The changing of the seasons brings warmer temperatures, rain and end of season sales.
Outdoor retailers, no matter their specialty, still abide by the same principles as every other retailer. As the seasons change, so does their inventory. They need to turnover their excess stock and they do this by reducing prices on perfectly wonderful products.
A great example is REI’s sale and clearance page, which is a treasure trove of highly rated winter gear. Choosing to sort the page by customer rating lets the cream rise to the top. The wool buff is here for $20. North Face insulated pants, perfect for skiing and snowboarding, are 50% off at just under $80.
Check out your favorite retailers now to stock up. Frequenting end of season sales is exactly how I’ve been able to acquire a wardrobe of wool, and other high performance pieces without ever paying full price.
Do you have an old pair of hiking boots that you love? They’ve been everywhere with you, the tread is starting to go, they don’t sell anything like it anymore and you just can’t stand the thought of dealing with the ordeal that is shopping for new hiking boots?
It may be worth looking into resoling them. Companies like Mountain Soles out of Portland, OR specialize in this type of repair to outdoor equipment.
Mountain Soles provides ‘Sewing and Repairs for Outdoor Adventurers’.
It’s not just old hiking boots that can be brought back to life. A Yelp.com review gives an extreme example of a specialty item being repaired: “saw an unusual item, asked what it was and was told it was a several thousand dollar canopy/tent used to develop film onsite for natural photography.”
Often times it can be cheaper in the long run to resole or repair than to repurchase when it comes to gear that’s already stood the test of time.
Sometimes it’s important to learn to use the tools on hand.
I ended up on a trip to the Blue Ridge Parkway without the batteries to my DSLR.
These photos were taken with my cell phone.
Two lessons learned:
1: Don’t forget to pack the batteries.
2: Often times the tools on hand are perfectly adequate.
There are items which seem to hold an infinite number of uses, that are worth carrying on any outing whether an outdoor adventure, a day at work or anywhere in between.
Zipties are one of these infinite use objects. They weigh almost nothing, take up almost no space at all, and are so simple a young child could use them.
Zip Tie Heart
Zipties have the original intent of lashing together electronic cables. They are wonderful for this purpose, and can help to streamline and clean up a tangle of wires behind your computer or entertainment center.
Most often zipties are made from a hard nylon material. Their brilliance comes in their secure one-way ratcheting system. Once tightened down they do not let loose. They can be tightened further but can not be loosened. This feature is what allows you to feel confident in their use.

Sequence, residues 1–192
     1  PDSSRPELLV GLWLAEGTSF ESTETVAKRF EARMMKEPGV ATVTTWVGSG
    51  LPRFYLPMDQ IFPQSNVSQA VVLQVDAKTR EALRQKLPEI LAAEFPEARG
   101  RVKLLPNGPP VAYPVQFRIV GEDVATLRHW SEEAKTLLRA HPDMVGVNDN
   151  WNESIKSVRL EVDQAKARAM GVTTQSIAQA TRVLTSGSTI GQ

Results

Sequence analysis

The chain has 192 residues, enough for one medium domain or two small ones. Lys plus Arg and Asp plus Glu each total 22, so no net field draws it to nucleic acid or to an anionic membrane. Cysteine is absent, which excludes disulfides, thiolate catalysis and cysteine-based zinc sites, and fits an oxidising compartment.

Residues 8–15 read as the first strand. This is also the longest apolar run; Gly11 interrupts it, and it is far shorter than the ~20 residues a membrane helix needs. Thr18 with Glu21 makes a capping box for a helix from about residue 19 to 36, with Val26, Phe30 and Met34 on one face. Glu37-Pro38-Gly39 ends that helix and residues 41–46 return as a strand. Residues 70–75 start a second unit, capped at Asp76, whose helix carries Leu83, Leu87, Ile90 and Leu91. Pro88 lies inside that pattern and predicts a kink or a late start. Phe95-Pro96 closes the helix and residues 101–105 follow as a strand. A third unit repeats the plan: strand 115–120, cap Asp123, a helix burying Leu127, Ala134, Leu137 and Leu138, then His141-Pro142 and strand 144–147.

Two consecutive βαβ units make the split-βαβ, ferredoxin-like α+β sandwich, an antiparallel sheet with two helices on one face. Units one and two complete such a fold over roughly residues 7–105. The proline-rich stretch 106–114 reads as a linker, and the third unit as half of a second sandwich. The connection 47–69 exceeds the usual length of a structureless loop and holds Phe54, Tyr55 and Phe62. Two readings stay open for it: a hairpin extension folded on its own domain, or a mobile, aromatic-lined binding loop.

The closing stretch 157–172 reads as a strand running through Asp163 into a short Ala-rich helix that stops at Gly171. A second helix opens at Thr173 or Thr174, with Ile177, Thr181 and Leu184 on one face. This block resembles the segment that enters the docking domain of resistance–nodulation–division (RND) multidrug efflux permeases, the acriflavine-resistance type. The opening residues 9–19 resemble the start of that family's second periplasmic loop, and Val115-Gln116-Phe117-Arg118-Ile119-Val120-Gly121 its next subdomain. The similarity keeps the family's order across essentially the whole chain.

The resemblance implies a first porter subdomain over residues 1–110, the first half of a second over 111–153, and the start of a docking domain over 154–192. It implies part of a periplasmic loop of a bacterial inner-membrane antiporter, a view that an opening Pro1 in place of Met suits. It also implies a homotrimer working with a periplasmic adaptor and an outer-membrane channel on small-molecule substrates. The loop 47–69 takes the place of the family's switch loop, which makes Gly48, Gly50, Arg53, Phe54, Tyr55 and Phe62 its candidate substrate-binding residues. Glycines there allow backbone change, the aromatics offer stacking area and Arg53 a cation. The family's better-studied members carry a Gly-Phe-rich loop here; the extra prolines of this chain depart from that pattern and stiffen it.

Depending on your intended use and amount of preparation time available, it can be a good idea to have several styles of zip ties around. They come in various lengths, thicknesses and colors. For outdoor use there are UV-resistant variety available. For weight bearing and truly heavy duty use I recommend the variety with a metal tab as part of it’s rachet system. There are also ziptiees made entirely of stainless steel.
Given their low per-piece cost, zip ties can be utilized without much concern.
I have zip ties holding my lights on the front of my basket.
Lighting mount zip tied to the front of my bike basket.
Zipties also fasten my basket to my handlebars.
Bike Basket mount arms zip tied to my handlebars.
Zip ties can help secure luggage, bags or anything else with zippers, shut. Before heading away from camp for a hike, ziptie your tent doors shut. No, this isn’t the end-all be-all of security but it does provide a hindrance, and also a way for you to know if anyone went snooping when you where away from your bag or tent. Clip them open with scissors or a pocket knife upon your return.
Jason from Gear Talk uses zipties to hack his own Nalgene style bottle for his back country adventures.
Need to lash an extra piece of gear onto your pack while hiking? Zipties to the rescue!
The friendly folks at Dutch Bike Co. have documented their DIY snow tires using zipties.
Did the pull to your zipper snap off? Throw a ziptie on there for easy zipping.
I’ve used a ziptie to secure a trash bag onto a picnic table while camping on a particularly windy night.
Simply Bike uses zip ties to decorate her bike.
Lovely Bicycle uses zip ties for a clean look to her after-market dynamo lighting installation.
Keep in mind that depending on the color of your zip ties, they can become an almost invisible helper.
Alternately, they can also become a style element:
Then there are those who just enjoy the style of the zip tie and what it represents:
The best ways to utilize zip ties really are only limited to your particular situation and a little creative thinking.
Where have you used zipties before?
It’s good to have options when it comes to lighting.
When you use your bike for transportation, or year round mountain biking, lights become an important factor. Whether to be seen by others, or to see the trail in front of you lights have become invaluable in our house.
The base of our lighting system is the Ay-Ups.
Ay-ups are a completely flexible lighting system. I’ve used them on a daily basis for commuting through the city on my bike. Each kit of Ay-Ups come with various rechargeable battery packs, lights and the attachments needed to mount the lights anywhere you can imagine.